horse power

Waiting to start work, carrying her packed lunch


The last two weekends have seen us attending events organised by Shropshire Wildlife Trust, both on cold, wintry days. It is good to leave the old homestead from time to time to do something different, and we particularly chose to live in this part of the country because the walking is excellent and the landscape varied and interesting,

Last Sunday we spent a couple of hours on Stiperstones, a high ridge in South Shropshire, learning about the geology of that upland peak, and huddling from the biting wind. One of our expert guides from the Trust was a mine of information about the formation of the landscape and the way people have shaped the landscape since Roman times, and our other guide was a naturalist with an encyclopaedic knowledge of the wildlife of the area.

Yesterday, wet and foggy as it was, we spent several hours watching a man, an apprentice and horse working in Clunton Coppice, removing cut oak logs, and learning about the mammals that live in the woods. The use of horses on steep hillsides is an efficient way of removing timber from slopes that are too steep or too sensitive for  machinery. This horse, Elza, was a very willing animal and very experienced. I am a real soft touch for horses so spent ages watching how she was voice trained to commands and how effortlessly she pulled oak trees along the path. I made a video, but alas WordPress doesn’t support video unless I buy the upgrade, so it is posted on my Facebook  page, should you like to see a very happy working horse. I hope the link works.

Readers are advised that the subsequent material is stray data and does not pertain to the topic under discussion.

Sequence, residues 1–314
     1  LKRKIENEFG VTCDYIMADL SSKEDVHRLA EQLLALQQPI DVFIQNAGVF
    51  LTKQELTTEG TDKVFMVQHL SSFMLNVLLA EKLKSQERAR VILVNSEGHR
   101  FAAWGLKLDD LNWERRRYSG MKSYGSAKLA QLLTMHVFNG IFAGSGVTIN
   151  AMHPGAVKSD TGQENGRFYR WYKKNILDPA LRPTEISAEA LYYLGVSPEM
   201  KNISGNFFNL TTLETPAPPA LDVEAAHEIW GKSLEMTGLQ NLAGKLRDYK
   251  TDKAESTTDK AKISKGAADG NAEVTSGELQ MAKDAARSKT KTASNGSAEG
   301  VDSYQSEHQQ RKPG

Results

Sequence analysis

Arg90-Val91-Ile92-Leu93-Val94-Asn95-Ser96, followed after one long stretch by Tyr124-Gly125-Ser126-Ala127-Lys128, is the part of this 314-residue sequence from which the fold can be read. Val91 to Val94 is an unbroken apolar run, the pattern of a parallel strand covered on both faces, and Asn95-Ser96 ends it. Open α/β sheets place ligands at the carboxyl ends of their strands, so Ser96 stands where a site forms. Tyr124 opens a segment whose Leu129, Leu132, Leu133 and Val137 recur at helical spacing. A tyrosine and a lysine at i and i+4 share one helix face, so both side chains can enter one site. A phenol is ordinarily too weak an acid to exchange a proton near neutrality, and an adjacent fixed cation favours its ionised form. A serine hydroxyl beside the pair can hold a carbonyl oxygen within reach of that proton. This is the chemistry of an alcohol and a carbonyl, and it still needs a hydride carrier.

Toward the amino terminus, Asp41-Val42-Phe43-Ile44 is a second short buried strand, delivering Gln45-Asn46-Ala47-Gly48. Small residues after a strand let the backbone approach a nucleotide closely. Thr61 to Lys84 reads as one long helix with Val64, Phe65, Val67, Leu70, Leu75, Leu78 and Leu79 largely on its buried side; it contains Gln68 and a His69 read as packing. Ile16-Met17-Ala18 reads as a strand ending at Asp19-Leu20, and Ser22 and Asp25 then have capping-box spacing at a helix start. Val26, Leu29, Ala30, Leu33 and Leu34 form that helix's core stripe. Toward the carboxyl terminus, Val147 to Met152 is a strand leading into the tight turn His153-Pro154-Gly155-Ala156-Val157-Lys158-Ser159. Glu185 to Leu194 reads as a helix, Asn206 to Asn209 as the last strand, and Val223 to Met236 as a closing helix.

As for today, it has been snow,sun,snow,wind,snow,sun,wind,snow…..more like January! But at least the mist has lifted! Hope you have a good week.

spring walks on frozen feet

We walked yesterday, just a short walk from the front door, to get some fresh air after a week of stuffiness. It has been so cold here and as I mentioned last time, the ice on the pond has been thick and prolonged, and snow has fallen too.

As we walked, we were treated to a glimpse of a Great Spotted woodpecker, hammering his breakfast hunting song from the top of an oak tree. I have had them in the garden on the feeders in the last week but it is always great to hear their characteristic drumming sound as they drill into wood. A little further we thrilled to the sound of water rushing and tumbling over the stones in the brook. Icicles hung from the banks, but drips of water were falling steadily from them into the headlong stream. A little further, we found clumps of snowdrops freed from their blanket of fallen snow, clean and crisp against the hedge.

In the garden I took these pictures before they vanished. It will be less cold this week-good news for the birds, but the cat who strolled across the pond will have to look out!

There is a painting on the other blog too. Just click here.